02 October 2023, UK: Decisions taken in readiness for planting this autumn’s wheat and barley crops should be about more than simply aiding crop emergence and establishment, says Syngenta field technical manager, Dr Jonathan Ronksley.
With growers focused on using fertiliser more efficiently, he says modern endophyte seed treatment technology also makes it possible for plants to obtain some of their spring nitrogen (N) needs fixed from the air.
“Clearly, factors such as cultivations, seed rate, drilling date and protecting against establishment diseases with a fungicide seed treatment remain crucial elements in establishment decisions,” says Dr Ronksley. “However, farmers are also looking to use N fertiliser more efficiently and farm more sustainably, and for the first time this autumn we have available the N-fixing endophyte seed treatment, Nuello® iN, for winter wheat and winter barley seed.
“Containing two strong N-fixing bacteria – Pseudomonas siliginis and Curtobacterium salicaceae – these enter the plant via the developing root, before colonising plant shoots and fixing atmospheric N. They provide the plant with organic N and ammonium and are ‘always on’ for the duration of the season. This has the potential to supplement traditional fertiliser applications.”
Find out more about Nuello iN here.
Pointing to results from four UK replicated field studies examining N fertiliser dose response curves in winter wheat last season, Dr Ronksley says Nuello iN seed treatment was found to deliver a yield benefit equivalent to applying up to an extra 30 kg N/ha on average.
This was echoed in 14 ADAS split-field farm trials across the UK, he says, where winter wheat treated with Nuello iN which received a 30 kg/ha reduction in its standard N dose maintained a similar yield to winter wheat receiving its full N dose. With yields averaging 10.80 and 10.83 t/ha respectively, Dr Ronksley says this equated to Nuello iN giving a 3:1 return on investment. On light or shallow land sites, he says use of Nuello iN with a 30 kg/ha N reduction gave an even bigger 5:1 return on investment.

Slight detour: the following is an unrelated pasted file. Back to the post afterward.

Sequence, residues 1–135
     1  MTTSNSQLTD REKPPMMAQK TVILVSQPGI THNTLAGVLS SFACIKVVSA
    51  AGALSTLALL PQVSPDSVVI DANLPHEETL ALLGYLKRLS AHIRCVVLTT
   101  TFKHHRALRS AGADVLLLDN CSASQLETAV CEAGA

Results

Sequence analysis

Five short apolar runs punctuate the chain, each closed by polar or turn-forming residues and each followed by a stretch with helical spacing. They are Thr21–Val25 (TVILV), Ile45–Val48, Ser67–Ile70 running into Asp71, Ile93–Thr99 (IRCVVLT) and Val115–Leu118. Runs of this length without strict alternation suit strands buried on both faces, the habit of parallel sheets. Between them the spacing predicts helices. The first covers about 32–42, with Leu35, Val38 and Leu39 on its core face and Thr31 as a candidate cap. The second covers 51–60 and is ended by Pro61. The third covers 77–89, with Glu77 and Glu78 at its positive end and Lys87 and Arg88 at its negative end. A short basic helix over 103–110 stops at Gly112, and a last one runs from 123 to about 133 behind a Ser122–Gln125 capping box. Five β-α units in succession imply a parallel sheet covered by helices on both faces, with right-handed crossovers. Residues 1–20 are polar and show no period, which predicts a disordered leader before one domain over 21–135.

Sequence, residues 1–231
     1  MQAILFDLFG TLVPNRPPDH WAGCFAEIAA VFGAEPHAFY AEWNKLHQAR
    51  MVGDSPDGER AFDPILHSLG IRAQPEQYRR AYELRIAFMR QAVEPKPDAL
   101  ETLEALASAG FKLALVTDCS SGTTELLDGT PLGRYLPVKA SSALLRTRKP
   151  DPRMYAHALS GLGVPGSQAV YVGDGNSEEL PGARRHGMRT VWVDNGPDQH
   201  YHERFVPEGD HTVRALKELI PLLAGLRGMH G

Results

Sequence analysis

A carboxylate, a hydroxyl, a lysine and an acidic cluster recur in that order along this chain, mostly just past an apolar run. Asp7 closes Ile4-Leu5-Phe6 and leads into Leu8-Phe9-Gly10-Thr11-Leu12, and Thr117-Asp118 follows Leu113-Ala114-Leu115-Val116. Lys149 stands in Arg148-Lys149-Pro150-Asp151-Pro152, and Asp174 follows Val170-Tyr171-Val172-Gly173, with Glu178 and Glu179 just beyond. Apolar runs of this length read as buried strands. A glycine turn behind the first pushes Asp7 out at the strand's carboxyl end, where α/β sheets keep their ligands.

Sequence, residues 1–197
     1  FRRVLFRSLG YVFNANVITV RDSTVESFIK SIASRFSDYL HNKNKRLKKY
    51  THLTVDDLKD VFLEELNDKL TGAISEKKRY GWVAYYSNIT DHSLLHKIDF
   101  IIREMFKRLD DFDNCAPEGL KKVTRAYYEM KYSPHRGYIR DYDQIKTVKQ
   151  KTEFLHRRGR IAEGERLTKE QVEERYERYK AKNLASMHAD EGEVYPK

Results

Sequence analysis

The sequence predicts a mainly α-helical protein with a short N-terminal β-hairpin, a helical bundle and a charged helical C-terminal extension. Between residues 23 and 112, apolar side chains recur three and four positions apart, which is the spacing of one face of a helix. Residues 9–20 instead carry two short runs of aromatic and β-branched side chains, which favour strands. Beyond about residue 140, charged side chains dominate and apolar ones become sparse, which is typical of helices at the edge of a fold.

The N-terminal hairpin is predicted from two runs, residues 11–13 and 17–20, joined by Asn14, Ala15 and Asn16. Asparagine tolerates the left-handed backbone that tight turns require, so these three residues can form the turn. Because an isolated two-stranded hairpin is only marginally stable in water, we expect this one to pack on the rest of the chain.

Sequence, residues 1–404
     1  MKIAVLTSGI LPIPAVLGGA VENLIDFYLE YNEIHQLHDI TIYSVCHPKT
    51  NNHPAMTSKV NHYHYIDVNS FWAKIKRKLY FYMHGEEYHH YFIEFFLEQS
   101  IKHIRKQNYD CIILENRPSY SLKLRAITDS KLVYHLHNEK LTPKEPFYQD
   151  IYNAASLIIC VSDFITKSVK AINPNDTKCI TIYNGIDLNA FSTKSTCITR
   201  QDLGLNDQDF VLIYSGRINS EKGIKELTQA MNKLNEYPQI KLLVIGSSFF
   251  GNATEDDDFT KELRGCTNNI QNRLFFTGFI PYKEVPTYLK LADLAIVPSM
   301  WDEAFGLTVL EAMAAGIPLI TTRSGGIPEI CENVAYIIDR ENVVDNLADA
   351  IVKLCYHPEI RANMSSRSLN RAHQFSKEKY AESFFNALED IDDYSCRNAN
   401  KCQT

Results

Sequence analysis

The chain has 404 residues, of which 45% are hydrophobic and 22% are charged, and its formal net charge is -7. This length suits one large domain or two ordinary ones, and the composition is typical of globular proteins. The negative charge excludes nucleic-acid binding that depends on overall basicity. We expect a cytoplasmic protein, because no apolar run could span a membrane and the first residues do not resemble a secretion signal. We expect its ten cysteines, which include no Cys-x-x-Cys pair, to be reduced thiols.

“This makes sense as these types of soils are often associated with lower availability of soil residual N,” explains Dr Ronksley. “Indeed, across both small plot replicated and split-field trials where a standard 100% N dose was applied, we also found bigger average yield gains from Nuello iN on light or shallow land sites or second cereal sites. We’ve also seen a yield benefit from Nuello iN in hybrid winter feed barley.
“Clearly, it’s always important to consult a FACTS qualified adviser for advice and guidance on N applications. However, there are several scenarios where we see a role for considering Nuello iN as part of an integrated fertiliser strategy. These include winter feed wheat and winter feed barley where a decision has been made to reduce in-season synthetic N inputs, and in winter wheat and winter barley where no reduction in synthetic N will take place but growers are looking to enhance yields.
“In the latter scenario, Nuello iN may be particularly relevant on sites where access to soil N is often limited – for example light, shallow, or nutrient-deficient soils; or in a second cereal position; or due to other factors such as late N application, soil N lock-up, or dry conditions. Farming is all about risk mitigation and this can help growers with that. Currently it is not recommended to reduce N on milling wheat or malting barley.
“It is still important when using Nuello iN that it is co-applied with a suitable fungicide seed treatment, such as Vibrance Duo, to maintain protection against establishment diseases. Much of our trial work has been with Nuello iN co-applied with Vibrance Duo.”
In addition, Dr Ronksley says Nuello iN has been observed to enhance early rooting, with an increase of 20% across three winter wheat and winter barley trials. He says enhanced root development is associated with improved nutrient scavenging from the soil.
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